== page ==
Environmental Assessment (EA) is the procedure of studying the projected impacts of proposed projects to people, lands, waters, and the health of future generations. Ontario is holding consultations to decide which developments will be subject to these environmental studies. The consultations on this project list close on November 10. Ontario is the only jurisdiction in Canada that does not legally require an EA of new or expanding mine developments.

Out of 31 mines and mills currently operating in Ontario, only four have gone through an EA, and only one of those was by the province; the other three were reviewed by the federal government. With one exception, mines and smelters in Sudbury, Timmins, and Kirkland Lake have never completed an EA. Meanwhile, Ontario’s unfunded liability for cleaning up all its mines may be as high as $7.6 billion.

For decades, Ontario has been relying on piecemeal reviews of mines by the federal government, only applying provincial reviews to mining infrastructure like roads and transmission lines. However, the new federal Impact Assessment Act (IAA) does not include smelters or refineries on its Project List, and only covers the very largest metal and diamond mine proposals.

As communities’ and Indigenous Peoples’ concerns about environmental and social impacts are causing delays for extractive projects, investors – and the general public – are demanding better evaluation of the impacts of mining developments before they are built or undertake major expansions. Both Québec and B.C. have created project lists that automatically include most mines and smelters.

This report recommends that all mines, mills and extractive metallurgy facilities in Ontario – and significant expansions of the same – undergo a comprehensive environmental assessment. At the very least, Ontario should meet the standards set by Québec and British Columbia. Their project lists, recently updated, require EAs for mineral developments that create the greatest risk to our environment. Both are mining jurisdictions like Ontario, dependent on global investment to develop and expand their mining sectors – and with a large number of unfunded liabilities for abandoned mines.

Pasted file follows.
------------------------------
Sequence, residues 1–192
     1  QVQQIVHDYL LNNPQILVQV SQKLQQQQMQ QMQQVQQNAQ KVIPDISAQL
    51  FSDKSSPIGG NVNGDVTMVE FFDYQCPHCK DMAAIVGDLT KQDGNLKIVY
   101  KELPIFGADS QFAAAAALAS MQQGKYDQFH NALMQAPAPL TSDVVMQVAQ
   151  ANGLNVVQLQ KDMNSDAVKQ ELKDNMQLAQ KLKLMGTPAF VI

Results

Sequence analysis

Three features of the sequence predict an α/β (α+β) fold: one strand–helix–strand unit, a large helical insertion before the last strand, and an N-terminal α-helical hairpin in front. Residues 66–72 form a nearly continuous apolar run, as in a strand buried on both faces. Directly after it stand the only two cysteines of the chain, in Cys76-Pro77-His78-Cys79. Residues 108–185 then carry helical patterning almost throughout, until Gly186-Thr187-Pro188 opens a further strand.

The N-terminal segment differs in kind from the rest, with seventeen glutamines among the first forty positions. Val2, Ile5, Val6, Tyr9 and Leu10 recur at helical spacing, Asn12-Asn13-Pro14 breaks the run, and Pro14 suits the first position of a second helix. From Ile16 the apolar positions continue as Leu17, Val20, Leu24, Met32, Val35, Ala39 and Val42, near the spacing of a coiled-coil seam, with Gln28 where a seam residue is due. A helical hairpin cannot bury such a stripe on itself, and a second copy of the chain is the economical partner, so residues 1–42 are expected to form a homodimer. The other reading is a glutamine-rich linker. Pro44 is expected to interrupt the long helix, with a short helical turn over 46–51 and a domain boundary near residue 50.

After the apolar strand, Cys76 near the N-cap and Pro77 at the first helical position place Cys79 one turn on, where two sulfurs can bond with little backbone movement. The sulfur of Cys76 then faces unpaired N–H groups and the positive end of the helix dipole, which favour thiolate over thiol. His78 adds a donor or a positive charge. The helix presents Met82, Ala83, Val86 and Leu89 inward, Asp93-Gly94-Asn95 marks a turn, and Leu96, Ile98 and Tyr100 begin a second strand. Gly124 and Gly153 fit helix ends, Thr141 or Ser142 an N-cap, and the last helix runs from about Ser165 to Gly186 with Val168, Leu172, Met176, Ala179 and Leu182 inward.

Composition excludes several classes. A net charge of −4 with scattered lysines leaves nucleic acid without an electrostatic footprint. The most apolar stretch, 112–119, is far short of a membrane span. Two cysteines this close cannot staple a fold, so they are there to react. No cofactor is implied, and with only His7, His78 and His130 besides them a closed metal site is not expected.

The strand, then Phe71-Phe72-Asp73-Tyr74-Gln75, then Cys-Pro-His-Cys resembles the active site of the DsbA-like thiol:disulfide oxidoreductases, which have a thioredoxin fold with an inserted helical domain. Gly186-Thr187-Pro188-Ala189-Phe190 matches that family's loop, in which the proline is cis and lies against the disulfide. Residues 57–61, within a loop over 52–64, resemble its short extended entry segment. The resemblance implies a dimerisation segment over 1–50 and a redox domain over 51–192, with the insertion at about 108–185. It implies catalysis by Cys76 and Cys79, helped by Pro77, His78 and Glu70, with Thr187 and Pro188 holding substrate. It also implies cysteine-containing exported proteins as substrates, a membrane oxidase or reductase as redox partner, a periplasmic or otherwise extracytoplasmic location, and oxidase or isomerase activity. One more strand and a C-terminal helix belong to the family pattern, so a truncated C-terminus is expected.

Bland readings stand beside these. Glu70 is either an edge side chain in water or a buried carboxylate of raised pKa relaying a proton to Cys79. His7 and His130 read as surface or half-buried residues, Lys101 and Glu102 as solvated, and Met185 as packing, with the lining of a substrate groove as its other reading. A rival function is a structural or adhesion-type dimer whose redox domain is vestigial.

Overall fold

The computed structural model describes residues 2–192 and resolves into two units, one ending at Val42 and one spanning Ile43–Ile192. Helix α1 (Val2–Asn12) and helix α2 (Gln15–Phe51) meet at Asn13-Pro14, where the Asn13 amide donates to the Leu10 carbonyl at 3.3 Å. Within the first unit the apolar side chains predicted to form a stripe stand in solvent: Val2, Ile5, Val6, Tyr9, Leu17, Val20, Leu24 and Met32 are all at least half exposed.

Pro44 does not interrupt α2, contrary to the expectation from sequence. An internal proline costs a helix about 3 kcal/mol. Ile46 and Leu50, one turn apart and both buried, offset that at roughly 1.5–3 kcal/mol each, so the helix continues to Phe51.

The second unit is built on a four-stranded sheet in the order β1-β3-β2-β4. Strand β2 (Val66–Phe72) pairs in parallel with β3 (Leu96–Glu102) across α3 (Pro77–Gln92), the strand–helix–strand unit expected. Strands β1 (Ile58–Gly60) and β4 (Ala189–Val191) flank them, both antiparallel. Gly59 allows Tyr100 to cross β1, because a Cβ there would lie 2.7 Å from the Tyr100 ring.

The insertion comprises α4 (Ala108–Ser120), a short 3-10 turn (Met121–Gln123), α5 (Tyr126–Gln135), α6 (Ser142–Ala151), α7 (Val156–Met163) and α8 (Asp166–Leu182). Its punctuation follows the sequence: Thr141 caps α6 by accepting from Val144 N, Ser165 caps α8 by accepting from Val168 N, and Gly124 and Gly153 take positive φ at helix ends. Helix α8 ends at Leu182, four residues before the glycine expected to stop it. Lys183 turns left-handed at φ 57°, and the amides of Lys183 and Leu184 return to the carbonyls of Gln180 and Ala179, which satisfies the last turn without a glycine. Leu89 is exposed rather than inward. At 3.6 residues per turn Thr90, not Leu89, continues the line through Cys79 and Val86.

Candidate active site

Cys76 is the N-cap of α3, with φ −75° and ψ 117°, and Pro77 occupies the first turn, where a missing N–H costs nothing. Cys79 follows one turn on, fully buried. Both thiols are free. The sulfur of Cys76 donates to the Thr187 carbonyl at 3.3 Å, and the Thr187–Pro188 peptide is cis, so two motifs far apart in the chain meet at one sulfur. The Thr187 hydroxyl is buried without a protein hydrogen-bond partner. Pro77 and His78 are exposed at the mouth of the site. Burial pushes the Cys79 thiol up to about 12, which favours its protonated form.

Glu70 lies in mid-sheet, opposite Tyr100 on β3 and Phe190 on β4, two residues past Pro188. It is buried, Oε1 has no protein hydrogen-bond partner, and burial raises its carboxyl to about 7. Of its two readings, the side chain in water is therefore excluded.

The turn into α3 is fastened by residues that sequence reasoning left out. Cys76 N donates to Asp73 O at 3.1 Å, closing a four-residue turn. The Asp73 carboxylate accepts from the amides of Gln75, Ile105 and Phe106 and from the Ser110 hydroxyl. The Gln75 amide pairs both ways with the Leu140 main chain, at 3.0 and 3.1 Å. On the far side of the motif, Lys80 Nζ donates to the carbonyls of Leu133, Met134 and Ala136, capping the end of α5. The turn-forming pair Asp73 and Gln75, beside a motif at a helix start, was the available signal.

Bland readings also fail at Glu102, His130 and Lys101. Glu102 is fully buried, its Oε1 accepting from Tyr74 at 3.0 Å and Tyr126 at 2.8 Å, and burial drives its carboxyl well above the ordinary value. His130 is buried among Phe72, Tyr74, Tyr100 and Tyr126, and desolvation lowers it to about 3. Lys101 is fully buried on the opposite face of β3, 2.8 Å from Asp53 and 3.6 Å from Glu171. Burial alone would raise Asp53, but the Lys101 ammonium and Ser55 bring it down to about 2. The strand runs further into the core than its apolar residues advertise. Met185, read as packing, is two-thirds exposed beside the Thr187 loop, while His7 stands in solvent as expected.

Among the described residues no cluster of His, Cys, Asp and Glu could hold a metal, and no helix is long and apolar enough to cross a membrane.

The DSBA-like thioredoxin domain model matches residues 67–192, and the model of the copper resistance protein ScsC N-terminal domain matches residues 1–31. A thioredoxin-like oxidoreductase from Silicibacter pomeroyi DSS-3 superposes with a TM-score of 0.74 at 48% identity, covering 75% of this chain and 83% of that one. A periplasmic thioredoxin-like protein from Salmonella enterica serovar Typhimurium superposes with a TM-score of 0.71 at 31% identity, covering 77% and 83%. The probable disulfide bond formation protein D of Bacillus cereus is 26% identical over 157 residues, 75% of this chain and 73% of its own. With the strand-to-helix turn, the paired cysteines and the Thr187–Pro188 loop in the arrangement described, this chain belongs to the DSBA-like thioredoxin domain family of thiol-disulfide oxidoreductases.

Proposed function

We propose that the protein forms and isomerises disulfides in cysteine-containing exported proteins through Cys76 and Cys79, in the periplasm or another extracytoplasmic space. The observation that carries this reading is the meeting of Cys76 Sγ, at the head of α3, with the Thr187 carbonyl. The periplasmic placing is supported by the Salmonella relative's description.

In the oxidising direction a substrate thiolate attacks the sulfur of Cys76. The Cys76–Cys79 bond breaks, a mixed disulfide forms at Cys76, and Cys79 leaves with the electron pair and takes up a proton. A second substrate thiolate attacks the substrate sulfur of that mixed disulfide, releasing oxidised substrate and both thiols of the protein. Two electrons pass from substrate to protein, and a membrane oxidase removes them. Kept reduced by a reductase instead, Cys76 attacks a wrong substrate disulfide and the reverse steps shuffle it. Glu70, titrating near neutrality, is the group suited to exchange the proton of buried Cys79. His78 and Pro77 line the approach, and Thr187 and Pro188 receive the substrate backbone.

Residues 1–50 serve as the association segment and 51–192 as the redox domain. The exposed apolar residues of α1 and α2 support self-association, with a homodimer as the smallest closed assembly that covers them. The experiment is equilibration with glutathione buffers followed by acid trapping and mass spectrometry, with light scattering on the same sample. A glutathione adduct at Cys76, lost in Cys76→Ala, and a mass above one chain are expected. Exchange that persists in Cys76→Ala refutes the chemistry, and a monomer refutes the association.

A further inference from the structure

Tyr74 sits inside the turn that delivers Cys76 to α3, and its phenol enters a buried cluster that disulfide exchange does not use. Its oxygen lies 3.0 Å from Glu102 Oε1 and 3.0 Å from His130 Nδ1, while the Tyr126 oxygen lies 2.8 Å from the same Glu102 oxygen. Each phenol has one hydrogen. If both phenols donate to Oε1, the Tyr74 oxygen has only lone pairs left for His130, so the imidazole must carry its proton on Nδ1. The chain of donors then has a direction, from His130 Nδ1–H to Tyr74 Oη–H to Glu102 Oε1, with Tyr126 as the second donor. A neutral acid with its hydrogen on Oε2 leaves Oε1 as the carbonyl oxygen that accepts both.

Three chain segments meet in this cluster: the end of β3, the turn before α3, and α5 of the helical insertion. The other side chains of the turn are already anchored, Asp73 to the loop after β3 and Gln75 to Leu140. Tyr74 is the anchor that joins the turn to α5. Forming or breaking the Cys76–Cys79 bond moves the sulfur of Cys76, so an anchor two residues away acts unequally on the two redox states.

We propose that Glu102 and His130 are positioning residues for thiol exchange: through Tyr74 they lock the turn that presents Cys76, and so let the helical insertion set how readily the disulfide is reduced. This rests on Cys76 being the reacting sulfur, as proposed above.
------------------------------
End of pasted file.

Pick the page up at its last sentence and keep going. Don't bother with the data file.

The report is attached here.

For more information, please contact:

  • Joan Kuyek, Ontarians for a Just Accountable Mineral Strategy (OJAMS), ojams.ca, (613) 795-5710

Endorsed by:

  • MiningWatch Canada
  • Northwatch
  • Friends of the Attawapiskat River
  • Canadian Environmental Law Association
  • Greenpeace Canada
  • Kebaowek First Nation

Coté Gold mine: Massive, long-term damage but no significant environmental effects?

The recent approval of the Coté Gold mine shows all that is wrong with the environmental assessment of gold mines in Ontario.

Located between Sudbury and Timmins near Gogama, it is only one of many new gold mines being approved in northern Ontario as the price of gold reaches an all-time high due to COVID.

 All, so far, have been found to have “no significant environmental effects”.

By the time the mine closes in 17 years or earlier, the footprint of the mine will be over 10 sq. km. (not including roads, a transmission line and downstream effects on water). The open pit will be at least 145 hectares and 550 meters deep; the 560 million tonnes of waste rock will cover 300 hectares and the tailings facility will be another 478 hectares, storing 200 million tonnes of water saturated tailings. IAMGold, the mine operator, plans to process 36,000 tonnes of ore per day, using a cyanidation process.

During construction a man camp for over 1000 workers will be constructed on site, but once operations begin, it is estimated that 350 workers will be needed.

Water will be taken from Mesomikenda Lake and discharged into Three Ducks Lake. To build the mine, Coté Lake will be dewatered and other water bodies near the mine will be redirected to create “New Lake”.

At closure, it will take at least 25 years for the open pit to fill with water and reconnect with existing water systems; the waste rock piles will be contoured. The tailings impoundment will have to be monitored forever to prevent leakage or catastrophic dam collapse.

The company also believes that there is possibility for expansion through more gold deposits nearby. The footprint could become much larger.

The Coté Gold mine underwent a federal environmental assessment under CEAA2012 that started March 2013. The federal EA was approved in April 2016. However, the company undertook a pre-feasibility study and, based on these results, changed a number of parameters for the mine. This resulted in an amended Environmental Assessment, which was approved in February 2019.

The Ministry stated in its decision:  “I have determined that the Designated Project is not likely to cause significant adverse environmental effects referred to in subsection 5(1) of the Canadian Environmental Assessment Act, 2012.”